The natural response to the dark moments and dark thoughts in our lives is to shut them up and keep them hidden. We hope that we can stamp out the darkness by suffocating it, letting the walls close in around it, allowing it to slowly die of starvation, but the problem is that we can't isolate the darkness within us, much like radiation trying to kill cancer cells. When we try to kill the darkness this way, the rest of the soul suffers too. We can't drink poison and expect only the dark parts of us to die.
The only way to conquer darkness is to open it up to the light.
For a recovering perfectionist like me, this is hard. I have spent the majority of my life covering up the dark parts of me and molding the good and beautiful parts of me to be put on stage (both literally and metaphorically). I have spent many, many years performing. So many, in fact, that I almost have myself convinced I have it all pretty well together. I've got the bad (one could also substitute "weak" here) parts of me boxed up so no one will ever see, and I've got the good parts ready to go and be shown off. The only problem is that that's exhausting. So there are days when I just can't keep it up anymore. Then toss in a man that I'm preparing to spend the rest of my life with? Well, goodbye hiding! Nobody's got the strength to keep that one up 24/7. And honestly, that's one of the best parts of the adventure on which my man and I are embarking. Truly, it's one of the best parts of any committed community, not just marriage.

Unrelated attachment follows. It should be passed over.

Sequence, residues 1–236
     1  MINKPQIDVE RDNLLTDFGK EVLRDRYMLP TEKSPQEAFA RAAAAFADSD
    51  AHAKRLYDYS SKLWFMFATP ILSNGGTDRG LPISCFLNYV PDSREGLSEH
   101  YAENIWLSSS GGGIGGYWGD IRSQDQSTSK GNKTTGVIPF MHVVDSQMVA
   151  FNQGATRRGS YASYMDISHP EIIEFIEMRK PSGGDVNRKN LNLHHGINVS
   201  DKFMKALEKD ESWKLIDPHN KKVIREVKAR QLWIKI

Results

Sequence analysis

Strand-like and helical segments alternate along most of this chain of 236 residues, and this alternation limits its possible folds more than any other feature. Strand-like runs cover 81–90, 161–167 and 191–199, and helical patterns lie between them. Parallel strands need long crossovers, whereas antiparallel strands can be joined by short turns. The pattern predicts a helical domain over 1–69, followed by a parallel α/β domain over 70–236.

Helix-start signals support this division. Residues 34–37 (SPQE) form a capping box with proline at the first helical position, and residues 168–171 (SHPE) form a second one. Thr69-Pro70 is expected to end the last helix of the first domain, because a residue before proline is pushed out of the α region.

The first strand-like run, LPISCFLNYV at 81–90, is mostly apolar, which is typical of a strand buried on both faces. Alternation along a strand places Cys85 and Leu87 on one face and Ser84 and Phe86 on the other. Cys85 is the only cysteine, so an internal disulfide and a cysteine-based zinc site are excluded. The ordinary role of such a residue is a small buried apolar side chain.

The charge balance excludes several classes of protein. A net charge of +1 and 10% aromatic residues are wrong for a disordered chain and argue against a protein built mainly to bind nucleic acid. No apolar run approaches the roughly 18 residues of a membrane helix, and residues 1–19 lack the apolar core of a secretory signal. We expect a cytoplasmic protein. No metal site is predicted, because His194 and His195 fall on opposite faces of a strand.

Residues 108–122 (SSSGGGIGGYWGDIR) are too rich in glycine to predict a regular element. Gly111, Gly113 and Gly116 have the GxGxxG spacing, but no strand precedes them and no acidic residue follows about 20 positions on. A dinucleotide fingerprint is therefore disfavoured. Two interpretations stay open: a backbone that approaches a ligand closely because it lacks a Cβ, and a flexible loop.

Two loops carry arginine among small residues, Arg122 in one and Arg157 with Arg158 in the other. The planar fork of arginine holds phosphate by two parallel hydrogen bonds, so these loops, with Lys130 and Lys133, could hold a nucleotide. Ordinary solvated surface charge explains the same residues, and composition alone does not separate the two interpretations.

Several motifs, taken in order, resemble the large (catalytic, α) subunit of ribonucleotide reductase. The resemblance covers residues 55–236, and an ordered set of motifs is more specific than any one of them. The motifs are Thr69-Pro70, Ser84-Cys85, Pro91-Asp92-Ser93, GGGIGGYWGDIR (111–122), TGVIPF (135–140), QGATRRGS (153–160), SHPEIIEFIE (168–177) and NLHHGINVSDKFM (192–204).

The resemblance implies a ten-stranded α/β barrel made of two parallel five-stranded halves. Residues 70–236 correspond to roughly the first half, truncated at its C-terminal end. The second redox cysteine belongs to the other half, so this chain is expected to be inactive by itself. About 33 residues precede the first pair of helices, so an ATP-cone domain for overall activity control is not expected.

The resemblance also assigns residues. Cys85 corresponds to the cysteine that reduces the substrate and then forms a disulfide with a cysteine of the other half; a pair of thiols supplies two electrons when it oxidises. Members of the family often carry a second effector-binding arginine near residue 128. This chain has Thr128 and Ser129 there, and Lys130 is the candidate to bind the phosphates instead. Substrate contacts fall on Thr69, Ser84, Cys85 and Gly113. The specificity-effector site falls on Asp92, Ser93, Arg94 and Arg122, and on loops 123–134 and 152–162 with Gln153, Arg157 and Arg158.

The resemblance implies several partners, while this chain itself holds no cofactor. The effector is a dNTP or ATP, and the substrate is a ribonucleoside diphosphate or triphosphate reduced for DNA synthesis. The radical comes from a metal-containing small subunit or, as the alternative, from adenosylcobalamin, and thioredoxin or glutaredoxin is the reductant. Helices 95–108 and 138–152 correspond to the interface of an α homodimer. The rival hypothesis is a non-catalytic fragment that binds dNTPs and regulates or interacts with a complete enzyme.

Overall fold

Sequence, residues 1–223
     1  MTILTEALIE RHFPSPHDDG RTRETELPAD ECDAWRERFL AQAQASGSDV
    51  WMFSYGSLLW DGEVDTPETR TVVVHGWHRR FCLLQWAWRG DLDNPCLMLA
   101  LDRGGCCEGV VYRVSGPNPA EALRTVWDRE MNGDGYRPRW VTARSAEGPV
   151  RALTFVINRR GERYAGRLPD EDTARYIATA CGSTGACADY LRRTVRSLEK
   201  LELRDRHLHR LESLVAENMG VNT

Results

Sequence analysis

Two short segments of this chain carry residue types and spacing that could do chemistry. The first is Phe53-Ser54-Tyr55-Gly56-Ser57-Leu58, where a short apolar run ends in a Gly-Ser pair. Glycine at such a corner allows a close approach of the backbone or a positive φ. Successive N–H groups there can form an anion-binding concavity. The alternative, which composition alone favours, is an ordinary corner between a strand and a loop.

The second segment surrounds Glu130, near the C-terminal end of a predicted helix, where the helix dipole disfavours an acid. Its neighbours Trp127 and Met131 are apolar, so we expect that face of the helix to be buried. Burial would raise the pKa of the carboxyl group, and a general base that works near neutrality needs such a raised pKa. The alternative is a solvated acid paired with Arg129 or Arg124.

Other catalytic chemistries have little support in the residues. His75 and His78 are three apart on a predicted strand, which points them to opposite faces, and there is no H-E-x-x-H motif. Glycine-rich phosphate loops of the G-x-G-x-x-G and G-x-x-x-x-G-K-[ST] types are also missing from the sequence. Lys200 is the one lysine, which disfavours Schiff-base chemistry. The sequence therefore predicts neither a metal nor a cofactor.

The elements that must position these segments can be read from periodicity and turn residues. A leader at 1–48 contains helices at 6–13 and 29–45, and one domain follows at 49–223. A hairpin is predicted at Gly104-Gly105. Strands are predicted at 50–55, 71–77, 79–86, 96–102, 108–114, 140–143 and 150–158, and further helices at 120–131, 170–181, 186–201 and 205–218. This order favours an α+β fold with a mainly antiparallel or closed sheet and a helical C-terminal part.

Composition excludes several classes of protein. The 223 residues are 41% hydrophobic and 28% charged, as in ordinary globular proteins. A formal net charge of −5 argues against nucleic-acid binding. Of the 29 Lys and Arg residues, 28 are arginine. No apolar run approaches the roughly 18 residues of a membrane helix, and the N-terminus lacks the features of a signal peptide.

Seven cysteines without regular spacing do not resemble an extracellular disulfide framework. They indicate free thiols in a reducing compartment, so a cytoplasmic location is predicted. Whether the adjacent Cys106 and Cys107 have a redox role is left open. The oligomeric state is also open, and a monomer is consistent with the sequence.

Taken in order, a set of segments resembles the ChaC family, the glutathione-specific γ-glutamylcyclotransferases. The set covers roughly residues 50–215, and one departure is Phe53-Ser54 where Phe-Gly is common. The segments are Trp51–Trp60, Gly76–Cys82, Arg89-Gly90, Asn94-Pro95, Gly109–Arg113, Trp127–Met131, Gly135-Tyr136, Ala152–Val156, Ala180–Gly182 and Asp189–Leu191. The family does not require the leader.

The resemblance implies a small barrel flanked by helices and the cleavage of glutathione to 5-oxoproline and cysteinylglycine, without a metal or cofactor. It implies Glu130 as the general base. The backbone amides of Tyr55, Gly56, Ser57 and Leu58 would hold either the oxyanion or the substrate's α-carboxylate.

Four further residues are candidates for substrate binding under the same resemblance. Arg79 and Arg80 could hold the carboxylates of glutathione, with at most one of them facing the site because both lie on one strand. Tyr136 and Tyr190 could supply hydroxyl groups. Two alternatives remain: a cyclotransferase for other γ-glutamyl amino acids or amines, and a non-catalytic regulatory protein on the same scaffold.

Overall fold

Because when it comes to our darkness there are two different kinds of light. There's the harsh light of interrogation, the one where we feel accused and afraid and worthless. Then there is the much gentler light of the sun. Yeah, that one makes me squint and shield my eyes, but it is also warm and helps me to grow. The difference between the two is the presence of Love. I know that my man loves me. I know he will not run away, no matter how much I may push him (and believe me, I do push him!). So I know that when I inevitably drop the ball and can't hide or hold it together anymore, I am safe to open up to the light. And even better is when I can finally just put it down altogether and say, "I'm not perfect. I have dark and sinful parts of me. Sometimes I hurt others and myself with the choices that I make. But I don't have to shut it down and hope that it won't rise up again. I can open it to the light and receive grace and forgiveness so I can start walking toward redemption and sanctification." And the truth is, at that point, I'm not actually just opening up to my man... I'm opening up to the Holy Spirit. I'm exposing the broken parts of me so Jesus can step in and move.
It's a hard habit to break, this convincing myself that I'm not broken, but opening up is the only way to intimacy with Christ. And I really want that. I really want to be open to that loving kind of light that can bring redemption and healing.